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Forum: Global Geospatial Information Management

The United Nations Global Geospatial Information Management (UN-GGIM) held its 4th High Level Forum in Addis Ababa, Ethiopia, from 20 - 22 April 2016.

The theme of the forum was Good Land Governance for the 2030 Agenda. The forum was attended by government delegates from different countries and by international participants from different academic institutions and business organisations. Hansa Luftbild and one of its consortium partners in the its4land research project, the Katholieke Universiteit Leuven (KUL) participated in the forum. The its4land project was presented to the forum delegates and participants, who showed a large interest in the technological innovations which will be developed in the project.


Sub Saharan African countries like Rwanda, Kenya and Ethiopia have an immense challenge to rapidly and cheaply map millions of unrecognized land rights in the region. Over the next four years the Hansa Luftbild AG will collaborate with partners from East Africa and Europe to develop an innovative suite of land tenure recording tools that responds to that challenge.

The project its4land, in which researchers will develop this suite of tools, will involve partners from both industry and academia. The its4land project has been awarded a 3.9 million euro grant from the Horizon 2020 ICT-programme of the European Union.

its4land is a collaborative project led by the University of Twente (Netherlands). In addition to Hansa Luftbild, partners include the Institute for Geoinformatics at University of Münster (Germany), KU Leuven (Belgium), Bahir Dar University (Ethiopia), Hansa Luftbild AG (Germany), The Technical University of Kenya (Kenya), Institut d'Enseignement Superieur de Ruhengeri (Rwanda), and Esri Rwanda Ltd (Rwanda).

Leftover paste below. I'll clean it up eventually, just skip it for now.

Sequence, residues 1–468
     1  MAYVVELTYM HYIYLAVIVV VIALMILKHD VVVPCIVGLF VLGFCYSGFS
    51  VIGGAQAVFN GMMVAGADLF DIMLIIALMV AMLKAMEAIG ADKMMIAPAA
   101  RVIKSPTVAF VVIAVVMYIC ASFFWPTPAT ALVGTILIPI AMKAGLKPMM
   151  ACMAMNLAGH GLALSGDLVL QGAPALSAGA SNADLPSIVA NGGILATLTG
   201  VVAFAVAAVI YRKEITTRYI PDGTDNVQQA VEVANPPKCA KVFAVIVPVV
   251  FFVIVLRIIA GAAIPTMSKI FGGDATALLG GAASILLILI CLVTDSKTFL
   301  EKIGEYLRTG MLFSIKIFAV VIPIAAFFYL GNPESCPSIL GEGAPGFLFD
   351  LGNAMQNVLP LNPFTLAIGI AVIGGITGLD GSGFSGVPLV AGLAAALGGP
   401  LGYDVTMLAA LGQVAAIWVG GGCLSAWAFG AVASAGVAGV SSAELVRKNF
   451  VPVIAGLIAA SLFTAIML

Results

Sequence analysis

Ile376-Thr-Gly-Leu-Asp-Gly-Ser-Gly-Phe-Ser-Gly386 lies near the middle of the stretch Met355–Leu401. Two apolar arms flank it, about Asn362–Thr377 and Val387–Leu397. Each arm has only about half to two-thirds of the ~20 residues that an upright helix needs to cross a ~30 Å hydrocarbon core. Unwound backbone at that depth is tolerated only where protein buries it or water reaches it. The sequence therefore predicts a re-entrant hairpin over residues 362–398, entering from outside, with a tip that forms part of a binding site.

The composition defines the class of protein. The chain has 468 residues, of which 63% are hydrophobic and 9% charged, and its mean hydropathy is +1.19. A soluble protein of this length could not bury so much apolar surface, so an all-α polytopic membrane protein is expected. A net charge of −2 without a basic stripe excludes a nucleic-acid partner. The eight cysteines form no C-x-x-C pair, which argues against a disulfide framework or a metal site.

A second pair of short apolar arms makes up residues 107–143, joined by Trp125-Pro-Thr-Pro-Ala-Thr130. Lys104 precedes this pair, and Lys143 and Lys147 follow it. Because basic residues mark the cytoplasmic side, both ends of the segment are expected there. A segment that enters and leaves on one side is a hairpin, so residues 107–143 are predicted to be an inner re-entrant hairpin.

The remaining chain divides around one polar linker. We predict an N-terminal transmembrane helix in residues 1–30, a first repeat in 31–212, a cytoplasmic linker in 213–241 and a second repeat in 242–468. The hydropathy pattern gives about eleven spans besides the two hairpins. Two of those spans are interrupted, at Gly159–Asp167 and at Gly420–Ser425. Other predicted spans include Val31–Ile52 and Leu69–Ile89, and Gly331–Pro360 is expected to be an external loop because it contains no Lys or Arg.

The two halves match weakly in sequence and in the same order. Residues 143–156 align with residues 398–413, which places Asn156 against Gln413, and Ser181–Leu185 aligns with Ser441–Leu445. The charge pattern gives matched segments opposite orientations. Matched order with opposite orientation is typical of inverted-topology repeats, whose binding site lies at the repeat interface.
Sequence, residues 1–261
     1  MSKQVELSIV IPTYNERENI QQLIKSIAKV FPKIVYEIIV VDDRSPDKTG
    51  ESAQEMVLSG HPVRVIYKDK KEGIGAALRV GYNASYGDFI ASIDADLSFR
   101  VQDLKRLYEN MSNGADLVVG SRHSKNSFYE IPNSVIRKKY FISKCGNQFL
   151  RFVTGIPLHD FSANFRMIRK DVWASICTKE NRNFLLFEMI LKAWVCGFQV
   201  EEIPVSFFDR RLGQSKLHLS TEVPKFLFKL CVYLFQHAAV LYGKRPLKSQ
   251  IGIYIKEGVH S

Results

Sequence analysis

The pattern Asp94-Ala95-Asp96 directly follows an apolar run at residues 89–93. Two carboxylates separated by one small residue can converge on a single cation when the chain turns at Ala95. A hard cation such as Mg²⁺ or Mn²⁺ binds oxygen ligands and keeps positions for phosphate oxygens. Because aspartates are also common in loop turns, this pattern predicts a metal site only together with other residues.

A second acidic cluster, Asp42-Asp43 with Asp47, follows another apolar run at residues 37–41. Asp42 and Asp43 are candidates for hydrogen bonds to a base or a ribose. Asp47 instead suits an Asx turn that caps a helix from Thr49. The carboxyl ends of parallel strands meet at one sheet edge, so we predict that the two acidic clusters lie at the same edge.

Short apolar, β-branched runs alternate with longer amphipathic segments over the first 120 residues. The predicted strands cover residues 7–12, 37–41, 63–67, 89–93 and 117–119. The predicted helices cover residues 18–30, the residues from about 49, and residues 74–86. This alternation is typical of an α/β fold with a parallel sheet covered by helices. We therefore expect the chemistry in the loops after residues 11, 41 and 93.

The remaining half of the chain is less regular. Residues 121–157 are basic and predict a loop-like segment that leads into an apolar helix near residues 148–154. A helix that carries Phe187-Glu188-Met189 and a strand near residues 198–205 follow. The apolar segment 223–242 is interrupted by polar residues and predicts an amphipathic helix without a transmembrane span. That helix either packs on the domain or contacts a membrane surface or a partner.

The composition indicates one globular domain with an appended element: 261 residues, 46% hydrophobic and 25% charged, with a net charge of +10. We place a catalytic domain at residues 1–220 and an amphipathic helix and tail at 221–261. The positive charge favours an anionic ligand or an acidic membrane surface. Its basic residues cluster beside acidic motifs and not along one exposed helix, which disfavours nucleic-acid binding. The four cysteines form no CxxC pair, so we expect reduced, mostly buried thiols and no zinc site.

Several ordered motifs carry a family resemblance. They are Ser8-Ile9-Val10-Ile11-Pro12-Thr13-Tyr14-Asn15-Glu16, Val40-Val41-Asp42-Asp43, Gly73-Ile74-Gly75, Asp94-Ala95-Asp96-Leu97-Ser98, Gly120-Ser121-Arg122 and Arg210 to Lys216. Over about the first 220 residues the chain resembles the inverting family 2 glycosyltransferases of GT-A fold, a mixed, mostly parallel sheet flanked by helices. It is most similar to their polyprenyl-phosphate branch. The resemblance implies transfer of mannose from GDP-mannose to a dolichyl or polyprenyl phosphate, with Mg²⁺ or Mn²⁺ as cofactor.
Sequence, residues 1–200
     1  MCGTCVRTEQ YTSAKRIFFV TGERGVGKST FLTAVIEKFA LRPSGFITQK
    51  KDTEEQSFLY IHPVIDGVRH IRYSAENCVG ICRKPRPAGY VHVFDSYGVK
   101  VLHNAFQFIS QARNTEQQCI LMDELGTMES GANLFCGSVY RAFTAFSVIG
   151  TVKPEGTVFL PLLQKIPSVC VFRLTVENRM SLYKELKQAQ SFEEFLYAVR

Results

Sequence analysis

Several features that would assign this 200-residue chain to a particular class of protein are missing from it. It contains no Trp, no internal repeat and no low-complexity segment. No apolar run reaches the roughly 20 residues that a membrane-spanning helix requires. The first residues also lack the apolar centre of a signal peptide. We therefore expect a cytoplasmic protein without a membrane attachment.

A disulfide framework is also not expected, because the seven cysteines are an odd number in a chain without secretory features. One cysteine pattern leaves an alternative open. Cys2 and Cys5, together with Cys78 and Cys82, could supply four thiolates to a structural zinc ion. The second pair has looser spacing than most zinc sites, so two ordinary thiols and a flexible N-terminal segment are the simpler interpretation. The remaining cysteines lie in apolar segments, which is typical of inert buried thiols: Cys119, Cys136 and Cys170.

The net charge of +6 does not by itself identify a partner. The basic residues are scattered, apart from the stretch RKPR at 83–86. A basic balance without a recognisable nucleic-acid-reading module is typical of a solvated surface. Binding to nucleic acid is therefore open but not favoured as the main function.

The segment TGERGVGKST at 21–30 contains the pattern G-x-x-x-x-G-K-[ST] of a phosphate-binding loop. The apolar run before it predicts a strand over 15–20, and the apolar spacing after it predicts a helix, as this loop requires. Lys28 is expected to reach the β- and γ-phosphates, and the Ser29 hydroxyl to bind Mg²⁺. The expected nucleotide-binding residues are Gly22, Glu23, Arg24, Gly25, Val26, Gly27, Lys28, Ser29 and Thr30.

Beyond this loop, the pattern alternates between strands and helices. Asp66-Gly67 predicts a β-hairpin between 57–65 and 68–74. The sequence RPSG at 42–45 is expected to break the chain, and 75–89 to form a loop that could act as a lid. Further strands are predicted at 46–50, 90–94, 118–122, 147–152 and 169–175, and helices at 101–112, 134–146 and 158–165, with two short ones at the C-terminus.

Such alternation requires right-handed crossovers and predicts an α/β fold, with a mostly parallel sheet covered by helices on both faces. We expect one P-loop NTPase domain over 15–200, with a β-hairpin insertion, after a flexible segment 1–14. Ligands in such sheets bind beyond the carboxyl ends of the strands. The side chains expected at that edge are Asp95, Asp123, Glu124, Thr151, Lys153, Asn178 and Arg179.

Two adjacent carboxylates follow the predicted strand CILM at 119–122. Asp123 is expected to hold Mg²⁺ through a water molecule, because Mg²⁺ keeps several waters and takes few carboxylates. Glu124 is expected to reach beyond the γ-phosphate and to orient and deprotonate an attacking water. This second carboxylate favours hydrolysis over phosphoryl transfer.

2030 Agenda for Sustainable Development

At the end of September the UN member states voted on a set of Sustainable Development Goals (SDGs) in order to initiate a global transformation towards sustainability. The Sustainable Development Goals are more extensive than their precursor, the eight Millennium Development Goals, which have often been criticised for not giving enough attention to the ecological dimensions of sustainability, or for considering it only in isolation. The primary goal remains the eradication of poverty. UN Secretary-General Ban Ki-Moon declared in his report “The Road to Dignity” about the SDGs in December 2014 that no sustainable development goal or target can be considered accomplished as long as this is not true for all social groups.

The SDGs replace the Millennium Development Goals (MDGs), which were adopted in the year 2000 with the aim of achieving them by 2015. Starting on 1 January 2016, the SDGs will extend over the next 15 years. The goals, which the 193 UN member states have agreed upon after long rounds of negotiation, are ambitious: they aim to end poverty and improve education and health standards, as well as to combat climate change and protect marine and terrestrial ecosystems. In “Transforming Our World: The 2030 Agenda for Sustainable Development”, the member states have created a list of 17 goals and 169 specific targets (see diagram). While the commitment to realise these goals by 2030 is voluntary, they are universally applicable for both developing and developed nations.